Social media and digital platforms seem to be experiencing peer pressure, with digital communication transitioning to audio format. The format is pulling back erstwhile social media users and helping Social media and digital platforms monetize comfortably. The shift of audio consumption from radio to mobile streaming intensified as COVID-19 disrupted the lifestyle of people spending more time indoors and less time in cars listening to music.
No More Passive Social Post
Initially, the rise of social audio is led by Clubhouse. The invite-only, audio-only app, combined with rich media and PR publicity and its new method of connecting people, resulted in accelerated growth. It drove companies like Facebook, Twitter, and Spotify to create or buy similar audio products in less than a year. Despite the fanfare, though, it has struggled to maintain consistent growth, with app downloads declining.
Facebook Live Audio Rooms
Facebook had revealed a slew of upcoming audio product development in April, including Clubhouse’s live audio competitor and new podcast features. With the launch of Live Audio Rooms on iOS in the United States, starting with public figures and select Facebook Groups, and the premiere of an initial set of U.S. podcast partners, Facebook has officially launched the product. On Live Audio Rooms, one can invite anybody to talk, and up to 50 individuals can speak simultaneously. There is no limit on the number of people that may attend, which is a big hurdle for Clubhouse, which has room space restrictions.
Facebook Podcast Space
Additionally, Facebook is introducing an initial group of podcast partners in the United States. Many individuals, podcasts, and groups will be added to both products in the next weeks and months, making them more widely available. Meanwhile, starting early this week, all Facebook users in the United States will be able to listen to Live Audio Rooms and podcasts.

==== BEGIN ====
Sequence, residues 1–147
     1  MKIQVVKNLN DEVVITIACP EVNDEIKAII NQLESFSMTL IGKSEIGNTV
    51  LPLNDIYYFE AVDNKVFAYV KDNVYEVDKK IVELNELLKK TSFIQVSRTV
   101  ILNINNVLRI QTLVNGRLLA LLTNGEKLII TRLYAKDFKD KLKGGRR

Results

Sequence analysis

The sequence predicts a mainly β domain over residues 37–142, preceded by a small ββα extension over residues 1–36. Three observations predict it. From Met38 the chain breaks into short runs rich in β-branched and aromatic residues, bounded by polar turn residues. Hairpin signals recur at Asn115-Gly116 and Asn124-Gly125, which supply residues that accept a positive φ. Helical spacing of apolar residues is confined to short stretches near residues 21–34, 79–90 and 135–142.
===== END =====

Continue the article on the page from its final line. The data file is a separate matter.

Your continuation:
Admins can regulate who can join a room within a group: moderators, group members, or other admins. Private group conversations will be restricted to members only, while public group chats will be available to insiders and outsiders. In addition, hosts can choose a cause or fundraiser to support during their chat using the Donate button. The feature is similar to Clubhouse’s fundraisers. Clubhouse fundraisers are comparable to this function. Many Clubhouse admins have held fundraisers within the app, but they have to refer visitors to other URLs to make donations.
“Raise A Hand” Feature
The session organizers are represented by circular profile icons at the top of the screen, while smaller symbols represent the listeners in the lower half of the screen. A bright ring identifies the active speaker. Facebook also offers a “raise hand” feature for requesting to speak and methods for sharing the room with others on Facebook via News Feed or Group postings. According to the Facebook team, automated captioning will be available later this year, and clips will allow listeners to create and share their favorite snippets.
“Stars” Gather Stars
Heart, Like, Anger, Joy, Thumb, etc., are a passe. With Live Audio Rooms’ formal debut, listeners send “Stars” to public figures to express their support. As stars continue to gather “stars” from users, those that show maximum support are promoted to the “Front Row” for the host to identify their supporters and, if desired, give them a shout-out during the event.
With Live Audio Rooms, Facebook is reportedly trying to reach a wider audience of influencers. Musicians like TOKiMONSTA, D Smoke, Kehlani, and media celebrities like Joe Budden and DeRay Mckesson, and sportsmen like Russell Wilson and Omareloff, will all have access to this tool. Facebook will also distribute Joe Budden’s podcast.
Social Audio Apps Round-Up
We acknowledge the possibility of niche audio apps that existed before Clubhouse, like Locker Room that Spotify acquired in the race to compete with Clubhouse, launched 15 months ago. In early 2021, Twitter launched Spaces, then Discord added Stage Channels, followed by Spotify’s Greenroom. And now you have Facebook’s Be Heard. We hear that LinkedIn and Slack are already working on their audio products. The competition is stiff, and Clubhouse seems to be losing the social audio race.
The Future of Live Audio Rooms
All audio-social networks will need to keep their burgeoning members interested once the pandemic eases and people move from their heavy reliance on the virtual world to real-world socializing. Although audio may be the next big thing, there’s still a long way to go before it catches on. However, does this mean we are over video formats?